“Without the final jewel of the PGA in my crown, my success on the golf course is somewhat incomplete,” he acknowledged late in his career. “For years, I’ve held in reserve a spot for a PGA medal in a display case that holds awards from my Major tournament victories.”
As it happens, his other chance of a breakthrough occurred 50 years ago. That was in 1968, the 50th staging of the PGA which became notable for the victory of Julius Boros who, at 48, became and remains the oldest winner of any Major championship.
Playing the 72nd hole, Palmer was a stroke off the lead held by Boros in the group behind. That was when he hooked his drive into rough terrain near TV cables. Typically cavalier, he opted for a high-risk recovery. “A fairway wood from the deep rough is one of the toughest shots in the game,” he reflected. “But the way I figured it, I might never get this close to the prize that had eluded me most, so I went for it.”
He went on: “I hit what was probably the finest wood shot of my career. The ball landed on the green and checked up eight feet above the cup. If I made that short putt, I would be tied with Boros who was then standing on the tee. The ball went straight at the hole but curled off and rolled several inches past.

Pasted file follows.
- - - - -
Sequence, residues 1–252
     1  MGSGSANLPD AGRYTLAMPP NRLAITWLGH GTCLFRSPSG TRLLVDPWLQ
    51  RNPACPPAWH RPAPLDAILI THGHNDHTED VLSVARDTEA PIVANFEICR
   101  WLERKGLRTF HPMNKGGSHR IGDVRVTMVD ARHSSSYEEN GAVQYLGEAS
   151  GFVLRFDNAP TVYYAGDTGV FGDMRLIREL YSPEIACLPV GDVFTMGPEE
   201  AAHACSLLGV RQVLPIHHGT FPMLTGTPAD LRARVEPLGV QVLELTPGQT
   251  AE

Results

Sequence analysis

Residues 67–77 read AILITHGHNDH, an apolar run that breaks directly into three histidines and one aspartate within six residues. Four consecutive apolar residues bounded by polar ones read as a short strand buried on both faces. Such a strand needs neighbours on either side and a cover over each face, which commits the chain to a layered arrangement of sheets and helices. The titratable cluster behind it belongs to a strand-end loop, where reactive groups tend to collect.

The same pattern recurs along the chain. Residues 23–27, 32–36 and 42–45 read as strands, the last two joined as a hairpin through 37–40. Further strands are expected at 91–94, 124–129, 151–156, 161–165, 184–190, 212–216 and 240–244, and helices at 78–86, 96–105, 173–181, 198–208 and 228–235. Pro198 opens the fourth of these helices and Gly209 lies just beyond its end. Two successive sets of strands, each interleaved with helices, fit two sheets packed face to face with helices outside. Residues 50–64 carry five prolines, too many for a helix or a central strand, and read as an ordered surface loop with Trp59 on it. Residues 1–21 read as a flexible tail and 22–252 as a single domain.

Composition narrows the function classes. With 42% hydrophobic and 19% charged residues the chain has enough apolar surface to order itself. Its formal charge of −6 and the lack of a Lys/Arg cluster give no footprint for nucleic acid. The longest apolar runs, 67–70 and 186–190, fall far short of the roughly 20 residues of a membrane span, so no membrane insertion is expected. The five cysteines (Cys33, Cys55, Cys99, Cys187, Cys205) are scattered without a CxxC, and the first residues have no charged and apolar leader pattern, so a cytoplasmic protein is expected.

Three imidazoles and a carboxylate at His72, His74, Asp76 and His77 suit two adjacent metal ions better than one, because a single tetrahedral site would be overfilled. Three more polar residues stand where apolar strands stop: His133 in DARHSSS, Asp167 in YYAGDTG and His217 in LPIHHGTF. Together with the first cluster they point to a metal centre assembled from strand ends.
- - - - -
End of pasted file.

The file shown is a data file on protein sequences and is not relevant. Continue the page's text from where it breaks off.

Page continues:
“I slumped over in despair. Boros made it an interesting finish, though, dramatic to the bittersweet end. Unable to reach the green in two, he made a superb pitch to get up and down in two to win the championship. I finished in second place, tied with Bob Charles. A bridesmaid once again, I mentally kicked myself for having missed that putt.”
Once more, second place was Palmer’s lot two years later, this time behind Dave Stockton at Southern Hills where, incidentally, he eventually bade farewell to the PGA in 1994. “I played poorly and missed the cut, to nobody’s surprise, but I thanked the organisation from the bottom of my heart for being such an important part of my life,” he said.
Shane Lowry tees off on the second hole during yesterday’s continuation of the weather-delayed second round of the 2018 PGA Championship at Bellerive Country Club.